tember 1788, his body was found on the south side of his father's, and was replaced in the same position in the new church (Nichols, Lit. Anecdotes, i. 285). ‘By his death the public lost an able and upright judge, his friends a sincere, sensible, and agreeable companion, and the poor a great benefactor’ (Gent. Mag. xxiii. 51). Some scandal was created by a clause in his will that he ‘lived as he trusted he should die, in the true faith of Christ as taught in the scriptures, but not in any one visible church that I know of, though I think the church of England is as little stuffed with the inventions of men as any of them’ (ib. p. 98). His writings were numerous. To his father's ‘History of my own Time’ he prefixed a life and copy of his will (cf. Letter, 10 Feb. 1732, of Bishop Warburton to Dr. Stukely; Nichols, Lit. Illustr. ii. 22). He is said to have submitted his father's manuscript to the Duchess of Marlborough, who made some alterations, and to have curtailed it himself (Burnet, Own Times (ed. 1823), Earl of Dartmouth's note, iv. 156, Earl of Hardwicke's note, iv. 158). The bishop's will had directed that no passages should be omitted, and in the second volume Burnet had promised to deposit the manuscript of both volumes, written by the bishop's amanuensis and corrected throughout by himself, in the Cotton Library, but failed to fulfil his promise (see A Letter to Thos. Burnet, Esq., 1736, and another pamphlet, Some Remarks on a late Letter to T. Burnet, 1736, apparently by a son of the nonjuror, Dr. W. Beach, of Salisbury). For the omitted passages see ‘European Magazine,’ v. 27, 39, 157, 221, 374. Others of his works are ‘Our Ancestors as Wise as we,’ by T. B., 1712, and a sequel, ‘The History of Ingratitude;’ ‘Essays Divine, Moral, and Political, by the Author of “The Tale of a Tub,”’ 1714; ‘The True Character of an Honest Man;’ ‘Truth if you can find it;’ ‘A Letter to the People, to be left for them at the Booksellers';’ ‘Some New Proofs by which it appears that the Pretender is truly James III,’ 1713 and 1714; ‘A Second Tale of a Tub,’ 1715; ‘British Bulwark,’ 1715; ‘The Necessity of impeaching the late Ministry, a Letter to Earl of Halifax,’ three editions, 1715; ‘Homerides, by Sir Iliad Doggerel’ (an attack on Pope in collaboration with Ducket); ‘The True Church of Christ,’ 1753; and a volume of posthumous poems, 1777. He also wrote in the ‘Grumbler,’ and replied to Granville's vindication of General Monk against Gilbert Burnet's strictures.
[Foss's Lives of the Judges; Biog. Brit. (Kippis), iii. 39–40; Nichols's Life of Bowyer; Chalmers's Biog. Dict.; Gent. Mag. xxiii. 21, 98, xlix. 256; Johnson's Lives of the Poets, ‘Granville’; cf. Nichols's Lit. Anecd. i. 71 and 588; An Account of the Life and Writings of T. Burnet, Esq., 1715; Pope's Dunciad, iii. 179.]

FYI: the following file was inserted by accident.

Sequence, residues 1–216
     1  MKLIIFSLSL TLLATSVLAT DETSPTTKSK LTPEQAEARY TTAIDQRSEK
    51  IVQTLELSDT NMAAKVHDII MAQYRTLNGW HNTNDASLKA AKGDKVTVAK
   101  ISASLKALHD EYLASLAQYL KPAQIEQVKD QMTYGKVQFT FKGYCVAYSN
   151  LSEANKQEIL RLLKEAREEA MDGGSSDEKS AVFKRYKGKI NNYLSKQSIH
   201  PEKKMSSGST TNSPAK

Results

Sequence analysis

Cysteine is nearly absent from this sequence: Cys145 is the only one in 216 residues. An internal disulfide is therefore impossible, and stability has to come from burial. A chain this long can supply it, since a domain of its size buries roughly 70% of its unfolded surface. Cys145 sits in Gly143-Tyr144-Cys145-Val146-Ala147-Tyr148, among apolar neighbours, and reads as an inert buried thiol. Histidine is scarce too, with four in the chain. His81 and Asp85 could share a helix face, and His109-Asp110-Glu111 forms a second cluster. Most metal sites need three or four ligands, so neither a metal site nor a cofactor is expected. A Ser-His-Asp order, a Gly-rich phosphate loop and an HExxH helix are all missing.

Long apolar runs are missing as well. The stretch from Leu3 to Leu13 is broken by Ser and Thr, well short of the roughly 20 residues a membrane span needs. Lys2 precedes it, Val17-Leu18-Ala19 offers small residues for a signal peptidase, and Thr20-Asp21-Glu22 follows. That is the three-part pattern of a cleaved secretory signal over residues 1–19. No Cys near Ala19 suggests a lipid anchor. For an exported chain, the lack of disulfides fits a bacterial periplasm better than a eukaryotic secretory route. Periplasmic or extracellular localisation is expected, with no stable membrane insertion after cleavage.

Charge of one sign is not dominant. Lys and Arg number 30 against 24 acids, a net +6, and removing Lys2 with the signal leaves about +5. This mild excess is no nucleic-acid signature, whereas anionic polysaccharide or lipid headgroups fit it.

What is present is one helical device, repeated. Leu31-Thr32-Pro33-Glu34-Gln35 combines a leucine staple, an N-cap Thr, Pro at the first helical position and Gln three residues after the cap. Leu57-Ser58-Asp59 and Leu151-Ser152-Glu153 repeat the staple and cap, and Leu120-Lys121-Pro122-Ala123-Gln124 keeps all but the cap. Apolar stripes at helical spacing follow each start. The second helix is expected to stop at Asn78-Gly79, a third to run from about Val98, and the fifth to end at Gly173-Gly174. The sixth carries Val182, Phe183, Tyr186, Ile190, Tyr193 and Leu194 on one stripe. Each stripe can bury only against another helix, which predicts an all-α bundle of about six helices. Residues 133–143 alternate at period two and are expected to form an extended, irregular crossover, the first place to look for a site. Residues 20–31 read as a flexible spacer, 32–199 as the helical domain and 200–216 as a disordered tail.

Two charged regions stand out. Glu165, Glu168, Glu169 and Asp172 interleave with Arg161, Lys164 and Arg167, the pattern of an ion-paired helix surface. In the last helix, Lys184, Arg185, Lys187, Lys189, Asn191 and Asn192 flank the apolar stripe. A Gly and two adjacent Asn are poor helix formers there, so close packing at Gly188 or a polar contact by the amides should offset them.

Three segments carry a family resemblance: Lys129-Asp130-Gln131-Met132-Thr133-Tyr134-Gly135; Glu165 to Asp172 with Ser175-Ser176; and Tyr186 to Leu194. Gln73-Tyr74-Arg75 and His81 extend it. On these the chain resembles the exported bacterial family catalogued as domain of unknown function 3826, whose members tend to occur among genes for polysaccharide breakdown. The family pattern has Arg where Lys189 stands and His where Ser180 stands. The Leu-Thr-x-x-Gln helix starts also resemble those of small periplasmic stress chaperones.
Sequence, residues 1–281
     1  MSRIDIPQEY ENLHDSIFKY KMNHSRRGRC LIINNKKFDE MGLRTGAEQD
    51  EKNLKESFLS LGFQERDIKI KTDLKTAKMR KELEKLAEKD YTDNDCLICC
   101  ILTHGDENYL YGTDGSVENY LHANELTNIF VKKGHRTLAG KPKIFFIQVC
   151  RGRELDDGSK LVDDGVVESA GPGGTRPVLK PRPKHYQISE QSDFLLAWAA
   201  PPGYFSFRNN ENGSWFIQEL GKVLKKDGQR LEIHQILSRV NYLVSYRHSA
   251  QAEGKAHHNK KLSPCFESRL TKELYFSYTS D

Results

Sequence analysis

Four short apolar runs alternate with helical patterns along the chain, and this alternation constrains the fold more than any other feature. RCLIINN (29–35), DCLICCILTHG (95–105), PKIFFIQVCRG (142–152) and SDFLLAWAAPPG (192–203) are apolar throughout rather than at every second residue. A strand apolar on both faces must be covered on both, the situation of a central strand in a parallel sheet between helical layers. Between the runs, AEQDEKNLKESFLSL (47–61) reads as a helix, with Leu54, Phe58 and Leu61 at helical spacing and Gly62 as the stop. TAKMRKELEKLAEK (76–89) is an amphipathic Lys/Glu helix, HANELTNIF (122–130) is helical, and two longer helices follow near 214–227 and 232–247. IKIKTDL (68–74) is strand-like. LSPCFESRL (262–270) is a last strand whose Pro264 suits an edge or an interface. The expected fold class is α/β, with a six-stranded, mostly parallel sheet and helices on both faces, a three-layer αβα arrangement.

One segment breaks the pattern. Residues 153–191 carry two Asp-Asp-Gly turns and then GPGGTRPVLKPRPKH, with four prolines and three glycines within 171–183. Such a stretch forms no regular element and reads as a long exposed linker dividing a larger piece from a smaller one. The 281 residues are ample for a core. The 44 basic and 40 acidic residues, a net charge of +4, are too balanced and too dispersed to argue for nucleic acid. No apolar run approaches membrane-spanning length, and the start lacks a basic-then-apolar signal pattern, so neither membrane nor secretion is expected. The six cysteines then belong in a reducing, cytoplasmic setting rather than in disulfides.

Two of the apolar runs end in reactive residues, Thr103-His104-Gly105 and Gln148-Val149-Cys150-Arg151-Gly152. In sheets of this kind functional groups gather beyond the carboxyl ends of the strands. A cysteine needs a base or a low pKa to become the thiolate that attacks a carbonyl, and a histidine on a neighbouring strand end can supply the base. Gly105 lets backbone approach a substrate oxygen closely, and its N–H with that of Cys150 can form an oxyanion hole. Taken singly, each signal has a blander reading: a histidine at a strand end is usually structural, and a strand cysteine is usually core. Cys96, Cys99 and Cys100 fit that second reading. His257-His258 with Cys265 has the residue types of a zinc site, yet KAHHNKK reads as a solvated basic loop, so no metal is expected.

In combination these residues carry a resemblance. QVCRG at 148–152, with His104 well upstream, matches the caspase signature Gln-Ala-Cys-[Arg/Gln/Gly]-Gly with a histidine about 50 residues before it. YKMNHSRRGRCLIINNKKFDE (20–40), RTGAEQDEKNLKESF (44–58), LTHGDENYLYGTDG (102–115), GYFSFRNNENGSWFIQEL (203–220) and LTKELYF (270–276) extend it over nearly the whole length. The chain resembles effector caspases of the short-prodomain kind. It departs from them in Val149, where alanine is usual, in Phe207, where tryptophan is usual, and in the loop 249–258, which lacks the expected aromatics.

BURNETT, GEORGE (1776?–1811), miscellaneous writer, was the son of a respectable farmer at Huntspill in Somersetshire, where he was born in or about 1776. He had more intellect than the rest of his family, and, after a suitable introduction to classical literature under the care of a clergyman in the neighbourhood, he was sent to Balliol College, Oxford, with a view to his taking orders in the established church. After two or three years' residence he became disgusted with a college life, and took part in the well-known scheme of ‘pantisocracy’ with Coleridge and Southey. After lingering about for a year or two, dependent upon the supplies which he drew from his father, Burnett obtained admission as a student into the dissenting college at Manchester. He was appointed pastor of a congregation at Yarmouth, but did not remain there long. He subsequently became, for a short time, a student of medicine in the university of Edinburgh. Through the influence of friends he was at one time appointed domestic tutor to two sons of Lord Stanhope, but he idled away a month or more in a needless excursion into the country, and had scarcely entered upon his charge when both his pupils—though not through any fault of his—left their father's house. Lord Stanhope paid 200l.—a year's salary—to Burnett, who afterwards became an assistant surgeon in a militia regiment. This situation he soon quitted, and went to Poland with the family of Count Zamoyska, as English tutor, but in less than a twelvemonth returned to England, without any employment. Shortly afterwards he contributed to the ‘Monthly Magazine’ a series of letters which were reprinted under the title of ‘View of the Present State of Poland,’ Lond. 1807, 12mo. He next published ‘Specimens of English Prose Writers, from the earliest times to the close of the seventeenth century; with sketches biographical and literary; including an account of books, as well as of their authors, with occasional criticisms,’ 3 vols. Lond. 1807, 8vo; a judicious compilation, forming a companion to George Ellis's ‘Specimens of the Early English Poets.’ He also wrote the introduction to the ‘Universal History,’ published under the name of Dr. Mavor. His last production, consisting of a selection from Milton's ‘Prose Works,’ with new translations and an introduction